Sunday, July 08, 2007

Telco 2.0 and Disposable Apps

Disposable apps is a popular term for applications built rapidly by "power users" who need to address a specific problem only relevant to a few people for some period of time. Example: How do I find an apartment in Austin close to a running trail and an Internet cafe?

Yahoo Pipes is a tool enabling disposable Web apps. Microsoft is competing via Popfly, Google has Mashup Editor.

Web mega-brands are beginning to figure out ways to secure long term consumer loyalty by enabling power users to extend their networks of services.

While Yahoo Pipes is an awesome data flow oriented app design tool, it leaves out the domain of communications apps. For example, it is not possible to build a pipe, which 1) monitors an RSS feed for new sports cars and 2) when a new car is posted, and 3) when Alice and Bob are both online during off-hours, then 4) connect them and 5) pop-up the new car web page so they can discuss it. With slightly different parameters, the same application can be useful to a person looking for a house with given criteria and is interested to discuss with their broker each new offer on the market that matches the criteria.

These examples are in the domain of converged applications - mix of web and communications features. To make them possible, there needs to be a foundation of basic communications services pluggable into mashup editors like Yahoo Pipes.

British Telecom made a brave step in the right direction with its new Web21C SDK program. Although BT SDK cannot be readily plugged into web mashups, it is just a small step away.

Another practical example is a mashup between Google Calendar and a hypothetical Conferencing Service similar to the one offered by BT. Lets call this mashup - GCal Conference Service. Its purpose is to make conference calling a better experience - it won't require people to remember the exact time of a conference; they won't need to have a conference bridge number handy either; they may even be stuck in traffic on their way to the office as the call begins.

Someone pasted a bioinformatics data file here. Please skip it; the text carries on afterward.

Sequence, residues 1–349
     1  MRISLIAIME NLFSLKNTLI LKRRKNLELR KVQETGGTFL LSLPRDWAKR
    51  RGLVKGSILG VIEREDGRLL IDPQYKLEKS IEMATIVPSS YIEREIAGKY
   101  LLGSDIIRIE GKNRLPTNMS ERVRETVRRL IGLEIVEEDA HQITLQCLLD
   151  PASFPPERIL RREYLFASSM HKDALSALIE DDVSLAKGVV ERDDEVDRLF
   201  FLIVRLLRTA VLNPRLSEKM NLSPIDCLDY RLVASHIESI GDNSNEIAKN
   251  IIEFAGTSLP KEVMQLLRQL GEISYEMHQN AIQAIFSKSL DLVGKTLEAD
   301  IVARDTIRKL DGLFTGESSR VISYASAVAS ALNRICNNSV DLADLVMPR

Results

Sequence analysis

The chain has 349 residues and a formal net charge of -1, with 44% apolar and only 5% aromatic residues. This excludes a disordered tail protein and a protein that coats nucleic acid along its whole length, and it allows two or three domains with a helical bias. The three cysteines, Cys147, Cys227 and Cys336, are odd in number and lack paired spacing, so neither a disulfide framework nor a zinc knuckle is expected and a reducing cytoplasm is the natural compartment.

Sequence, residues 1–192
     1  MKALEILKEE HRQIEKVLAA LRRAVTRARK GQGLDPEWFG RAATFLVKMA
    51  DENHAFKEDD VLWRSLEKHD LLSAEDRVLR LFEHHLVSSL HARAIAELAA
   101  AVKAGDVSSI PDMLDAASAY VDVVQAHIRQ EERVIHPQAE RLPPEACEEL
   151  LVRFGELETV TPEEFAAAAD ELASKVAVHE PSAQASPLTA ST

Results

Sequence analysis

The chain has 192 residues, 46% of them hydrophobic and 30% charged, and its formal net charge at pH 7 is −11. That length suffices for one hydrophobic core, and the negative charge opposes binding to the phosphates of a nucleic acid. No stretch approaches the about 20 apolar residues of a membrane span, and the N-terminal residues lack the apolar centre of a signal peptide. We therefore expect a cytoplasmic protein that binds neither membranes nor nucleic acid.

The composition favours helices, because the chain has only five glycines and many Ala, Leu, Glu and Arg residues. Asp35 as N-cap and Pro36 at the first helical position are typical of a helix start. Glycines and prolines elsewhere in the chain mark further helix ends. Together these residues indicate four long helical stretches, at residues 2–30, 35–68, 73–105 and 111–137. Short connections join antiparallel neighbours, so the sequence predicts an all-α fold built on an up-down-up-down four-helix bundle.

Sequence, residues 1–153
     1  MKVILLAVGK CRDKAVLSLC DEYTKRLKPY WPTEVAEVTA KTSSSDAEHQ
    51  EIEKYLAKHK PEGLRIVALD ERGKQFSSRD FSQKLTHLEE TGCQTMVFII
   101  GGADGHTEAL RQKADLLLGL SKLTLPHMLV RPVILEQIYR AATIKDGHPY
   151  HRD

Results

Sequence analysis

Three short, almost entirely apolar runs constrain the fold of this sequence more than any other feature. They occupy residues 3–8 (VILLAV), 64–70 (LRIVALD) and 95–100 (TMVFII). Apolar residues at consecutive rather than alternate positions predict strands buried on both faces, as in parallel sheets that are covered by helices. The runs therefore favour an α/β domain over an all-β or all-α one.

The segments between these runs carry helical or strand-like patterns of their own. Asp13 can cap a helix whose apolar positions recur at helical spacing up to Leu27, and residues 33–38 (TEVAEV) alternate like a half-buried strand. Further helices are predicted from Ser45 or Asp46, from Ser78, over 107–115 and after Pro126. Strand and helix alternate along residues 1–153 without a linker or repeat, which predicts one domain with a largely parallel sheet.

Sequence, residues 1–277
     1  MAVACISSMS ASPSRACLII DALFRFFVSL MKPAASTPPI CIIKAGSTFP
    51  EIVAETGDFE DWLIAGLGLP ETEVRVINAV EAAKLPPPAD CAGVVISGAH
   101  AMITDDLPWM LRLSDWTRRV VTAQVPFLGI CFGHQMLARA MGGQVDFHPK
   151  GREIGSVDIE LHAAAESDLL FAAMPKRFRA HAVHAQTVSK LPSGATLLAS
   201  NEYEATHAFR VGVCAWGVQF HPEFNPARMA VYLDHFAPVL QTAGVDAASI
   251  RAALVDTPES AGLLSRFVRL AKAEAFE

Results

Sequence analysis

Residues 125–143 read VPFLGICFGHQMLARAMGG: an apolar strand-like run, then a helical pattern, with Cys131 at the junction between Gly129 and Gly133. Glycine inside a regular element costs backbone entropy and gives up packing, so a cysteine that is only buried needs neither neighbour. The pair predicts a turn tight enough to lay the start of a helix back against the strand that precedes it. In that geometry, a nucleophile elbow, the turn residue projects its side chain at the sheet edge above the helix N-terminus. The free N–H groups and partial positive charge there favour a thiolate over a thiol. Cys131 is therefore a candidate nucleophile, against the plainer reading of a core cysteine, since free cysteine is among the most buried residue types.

GCal Conference would work as follows: 1) It will monitor the RSS feed of a user's calendar and watch for events tagged as Audio Conference. 2) 5 minutes before the event starts the service will create the conference room and begin joining participants to the call. The list of participants is found in the GCal event. Address book will be used to lookup each participant's phone number.

Undoubtfully there are many other ideas for disposable converged apps. We are barely scratching the service of what will surely follow. There will be telco players who will hop on the rising tide and ride it. There will be others who will continue contemplating their next big move and find themselves left behind in the 20th century.